Improvements to the above fermentation processes have been accomplished by combining the saccharification step and fermentation step in a process referred to as simultaneous saccharification and fermentation or simultaneous saccharification, yeast propagation and fermentation. These improved fermentation processes have advantages over the previously described dry milling fermentation or even wet milling fermentation processes because significant sugar concentrations do not develop in the fermenter thereby avoiding sugar inhibition of yeast growth. In addition, bacterial growth is reduced due to lack of easily available glucose. Increased ethanol production may result by use of the simultaneous saccharification and fermentation processes.

More recently, fermentation processes have been introduced which eliminate the cooking step or which reduce the need for treating cereal grains at high temperatures. These no-cook or low temperature fermentation processes include milling of a cereal grain and combining the ground cereal grain with liquid to form a slurry which is then mixed with one or more granular starch hydrolyzing enzymes and optionally yeast to produce ethanol and other co-products (U.S. Pat. No. 4,514,496, WO 04/081193 and WO 04/080923) (FIG. 1B).

While no-cook or low temperature fermentation processes using a milled grain slurry in combination with granular starch hydrolyzing enzymes offers certain improvements over previous processes, the dry solids staging fermentation process of the instant invention provides further advantages for the production of alcohol and other end products. Some of these advantages include, but are not limited to:

a) elimination of a slurry or feed tank comprising substrates containing granular starch which feeds into a saccharification vessel;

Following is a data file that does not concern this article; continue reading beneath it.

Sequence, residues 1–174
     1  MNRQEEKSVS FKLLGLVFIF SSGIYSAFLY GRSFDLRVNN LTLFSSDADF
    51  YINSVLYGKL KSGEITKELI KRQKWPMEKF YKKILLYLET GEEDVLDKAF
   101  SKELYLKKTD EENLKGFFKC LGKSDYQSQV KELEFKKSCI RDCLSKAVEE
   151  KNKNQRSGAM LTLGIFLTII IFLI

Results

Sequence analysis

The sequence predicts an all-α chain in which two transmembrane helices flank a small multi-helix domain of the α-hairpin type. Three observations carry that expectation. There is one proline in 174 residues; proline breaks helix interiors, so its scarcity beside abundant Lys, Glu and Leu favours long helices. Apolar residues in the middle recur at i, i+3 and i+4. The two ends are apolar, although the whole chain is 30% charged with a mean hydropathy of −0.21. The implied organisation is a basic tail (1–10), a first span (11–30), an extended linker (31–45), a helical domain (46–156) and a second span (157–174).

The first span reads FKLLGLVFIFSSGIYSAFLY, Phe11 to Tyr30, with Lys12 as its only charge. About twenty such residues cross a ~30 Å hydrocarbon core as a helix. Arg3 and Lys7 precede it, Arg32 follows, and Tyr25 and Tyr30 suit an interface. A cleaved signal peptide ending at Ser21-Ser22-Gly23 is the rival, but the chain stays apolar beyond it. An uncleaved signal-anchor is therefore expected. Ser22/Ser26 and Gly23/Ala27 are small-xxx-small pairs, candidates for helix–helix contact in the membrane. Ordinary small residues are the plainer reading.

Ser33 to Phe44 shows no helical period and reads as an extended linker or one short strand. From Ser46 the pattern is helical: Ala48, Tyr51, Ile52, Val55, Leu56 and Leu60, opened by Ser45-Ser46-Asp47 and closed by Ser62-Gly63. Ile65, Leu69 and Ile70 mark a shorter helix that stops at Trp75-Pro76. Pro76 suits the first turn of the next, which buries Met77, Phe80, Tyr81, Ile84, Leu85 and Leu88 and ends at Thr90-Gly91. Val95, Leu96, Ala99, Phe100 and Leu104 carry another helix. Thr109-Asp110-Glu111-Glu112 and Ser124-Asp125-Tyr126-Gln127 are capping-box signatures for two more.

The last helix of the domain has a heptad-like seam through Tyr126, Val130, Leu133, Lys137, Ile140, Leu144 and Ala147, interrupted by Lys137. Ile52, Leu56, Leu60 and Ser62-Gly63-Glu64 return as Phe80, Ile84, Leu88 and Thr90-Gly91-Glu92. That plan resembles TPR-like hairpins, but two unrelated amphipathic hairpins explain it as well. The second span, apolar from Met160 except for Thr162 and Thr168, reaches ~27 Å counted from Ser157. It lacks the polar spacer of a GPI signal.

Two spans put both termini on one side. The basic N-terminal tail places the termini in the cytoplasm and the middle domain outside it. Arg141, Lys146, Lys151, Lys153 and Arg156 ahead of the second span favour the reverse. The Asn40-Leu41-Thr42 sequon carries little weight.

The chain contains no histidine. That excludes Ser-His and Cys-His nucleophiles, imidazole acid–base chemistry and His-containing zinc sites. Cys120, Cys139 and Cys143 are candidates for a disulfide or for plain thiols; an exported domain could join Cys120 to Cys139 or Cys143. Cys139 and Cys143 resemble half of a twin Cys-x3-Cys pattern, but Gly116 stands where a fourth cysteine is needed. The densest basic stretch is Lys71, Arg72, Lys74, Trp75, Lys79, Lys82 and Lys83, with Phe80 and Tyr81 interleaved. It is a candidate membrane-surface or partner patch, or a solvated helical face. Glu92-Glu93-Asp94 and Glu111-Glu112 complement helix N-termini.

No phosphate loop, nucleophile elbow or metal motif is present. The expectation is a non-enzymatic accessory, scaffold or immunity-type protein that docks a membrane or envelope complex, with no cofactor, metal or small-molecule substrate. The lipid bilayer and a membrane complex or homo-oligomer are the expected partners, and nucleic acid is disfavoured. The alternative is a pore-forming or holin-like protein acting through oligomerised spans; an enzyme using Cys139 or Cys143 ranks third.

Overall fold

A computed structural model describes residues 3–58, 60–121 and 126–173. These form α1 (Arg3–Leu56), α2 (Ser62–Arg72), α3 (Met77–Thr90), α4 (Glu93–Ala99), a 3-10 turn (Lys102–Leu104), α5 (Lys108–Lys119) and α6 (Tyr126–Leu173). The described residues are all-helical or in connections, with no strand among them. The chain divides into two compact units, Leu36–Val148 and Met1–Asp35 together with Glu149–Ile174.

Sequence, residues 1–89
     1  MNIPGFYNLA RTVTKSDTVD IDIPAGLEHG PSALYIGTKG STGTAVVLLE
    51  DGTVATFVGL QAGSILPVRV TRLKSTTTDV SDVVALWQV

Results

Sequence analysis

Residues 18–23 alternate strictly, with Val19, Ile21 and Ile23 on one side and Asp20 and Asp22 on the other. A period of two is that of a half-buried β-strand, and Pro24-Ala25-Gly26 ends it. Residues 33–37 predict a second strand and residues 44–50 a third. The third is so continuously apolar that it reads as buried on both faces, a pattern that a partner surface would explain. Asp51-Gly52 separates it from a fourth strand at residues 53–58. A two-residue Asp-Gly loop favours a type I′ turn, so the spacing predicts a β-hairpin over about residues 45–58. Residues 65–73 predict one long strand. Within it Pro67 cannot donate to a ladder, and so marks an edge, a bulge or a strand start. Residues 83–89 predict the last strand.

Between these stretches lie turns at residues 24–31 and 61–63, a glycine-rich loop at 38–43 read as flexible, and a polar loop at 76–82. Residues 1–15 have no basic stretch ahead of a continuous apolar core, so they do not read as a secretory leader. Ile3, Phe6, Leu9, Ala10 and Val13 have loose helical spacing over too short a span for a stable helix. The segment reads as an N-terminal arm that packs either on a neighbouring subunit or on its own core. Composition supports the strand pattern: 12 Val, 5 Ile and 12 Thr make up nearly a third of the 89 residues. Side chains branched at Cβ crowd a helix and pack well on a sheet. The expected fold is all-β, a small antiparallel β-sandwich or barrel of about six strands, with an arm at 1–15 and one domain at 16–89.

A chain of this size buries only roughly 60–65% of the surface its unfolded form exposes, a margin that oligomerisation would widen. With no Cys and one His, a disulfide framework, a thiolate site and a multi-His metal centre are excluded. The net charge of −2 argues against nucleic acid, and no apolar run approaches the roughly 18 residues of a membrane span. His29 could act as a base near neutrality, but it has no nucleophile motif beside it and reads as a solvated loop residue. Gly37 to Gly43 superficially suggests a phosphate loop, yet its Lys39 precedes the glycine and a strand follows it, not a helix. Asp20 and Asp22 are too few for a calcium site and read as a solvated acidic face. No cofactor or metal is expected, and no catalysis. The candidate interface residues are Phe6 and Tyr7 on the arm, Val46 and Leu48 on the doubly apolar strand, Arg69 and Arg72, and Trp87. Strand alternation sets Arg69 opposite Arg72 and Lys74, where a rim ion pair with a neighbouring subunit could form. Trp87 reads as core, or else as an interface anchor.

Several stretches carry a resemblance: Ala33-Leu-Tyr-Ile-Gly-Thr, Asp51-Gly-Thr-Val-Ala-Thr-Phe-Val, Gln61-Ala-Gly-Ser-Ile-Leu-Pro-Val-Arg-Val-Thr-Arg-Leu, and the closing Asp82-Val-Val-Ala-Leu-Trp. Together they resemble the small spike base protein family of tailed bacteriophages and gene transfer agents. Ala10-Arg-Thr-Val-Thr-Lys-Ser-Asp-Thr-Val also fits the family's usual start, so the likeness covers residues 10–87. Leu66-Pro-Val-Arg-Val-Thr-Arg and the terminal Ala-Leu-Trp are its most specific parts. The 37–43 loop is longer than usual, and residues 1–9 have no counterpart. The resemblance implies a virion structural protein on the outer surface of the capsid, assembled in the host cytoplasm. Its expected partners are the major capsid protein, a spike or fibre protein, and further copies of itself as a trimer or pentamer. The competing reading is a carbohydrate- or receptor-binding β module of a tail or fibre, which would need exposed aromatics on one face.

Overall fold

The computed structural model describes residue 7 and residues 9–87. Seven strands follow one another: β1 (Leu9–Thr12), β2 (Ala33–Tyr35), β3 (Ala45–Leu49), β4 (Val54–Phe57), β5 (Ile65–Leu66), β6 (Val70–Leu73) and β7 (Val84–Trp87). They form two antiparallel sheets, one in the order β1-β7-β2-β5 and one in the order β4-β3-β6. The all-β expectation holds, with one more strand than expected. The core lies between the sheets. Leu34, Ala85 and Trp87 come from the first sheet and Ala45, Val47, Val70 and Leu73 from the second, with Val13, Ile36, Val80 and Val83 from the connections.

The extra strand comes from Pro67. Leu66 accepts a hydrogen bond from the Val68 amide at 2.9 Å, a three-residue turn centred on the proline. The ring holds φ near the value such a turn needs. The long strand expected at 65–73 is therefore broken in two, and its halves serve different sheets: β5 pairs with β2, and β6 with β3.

b) decreases in the potential for microbial contamination in the fermentation of nonsterile granular starch containing substrates because of the elimination of a slurry step before the saccharification and fermentation;

c) improved mixing, faster hydration of the substrate, and improved carbon conversion efficiency because of a lower % DS in the starting mash of the initial fermentation;

d) overall high solids loading during the fermentation run;

e) an equal or higher ethanol concentration in the presence of residual starch levels which may be higher in other no-cook or low temperature fermentation processes of substrates containing granular starch, which are not subject to dry solids staging;

f) optional elimination of the yeast seed propagation tank;

g) reduced stress on yeast during the fermentation;

h) ability to handle a very fine milled substrate which will reduce the amount of residual starch, but will not result in adversely increasing the viscosity of the mash in the fermentation vessel; and

i) an increase in the enzyme to fermentable substrate ratio which enhances the hydrolysis of starch.

SUMMARY OF THE INVENTION

In a first aspect, the invention pertains to a dry solids staging fermentation process for producing an end-product comprising an initial fermentation step which includes combining a first fermentable substrate with one or more starch hydrolyzing enzymes and a fermenting organism in a fermentation vessel at a pH of 3.0 to 7.0, a temperature of 5° C. to 65° C., for 2 to 40 hours and obtaining a fermentation broth and a loading step which includes adding a second fermentable substrate into the vessel which contains the fermentation broth and allowing continued fermentation at a pH of 3.0 to 7.0, a temperature of 20° C. to 65° C. for a sufficient period of time to produce an end-product, wherein the percent dry solids (% DS) of the fermentation broth increases over time.

In some embodiments of this aspect, the first fermentable substrate and the second fermentable substrate are the same and in other embodiments, the first fermentable substrate and the second fermentable substrate are different. In further embodiments, the fermentable substrate is a solid fermentable substrate and in additional embodiments the solid fermentable substrate is a dry ground cereal grain. In other embodiments of this aspect, the initial DS 0 to 40% DS and the accumulated DS is between 10 to 55%. In a further embodiment of this aspect, the loading step comprises addition of DS in increments of 1 to 20%. In yet further embodiments, the one or more starch hydrolyzing enzymes are selected from glucoamylases, alpha amylases, granular starch hydrolyzing enzymes and combinations thereof. In yet another embodiment, the end-product is an alcohol and the fermenting organism is a yeast.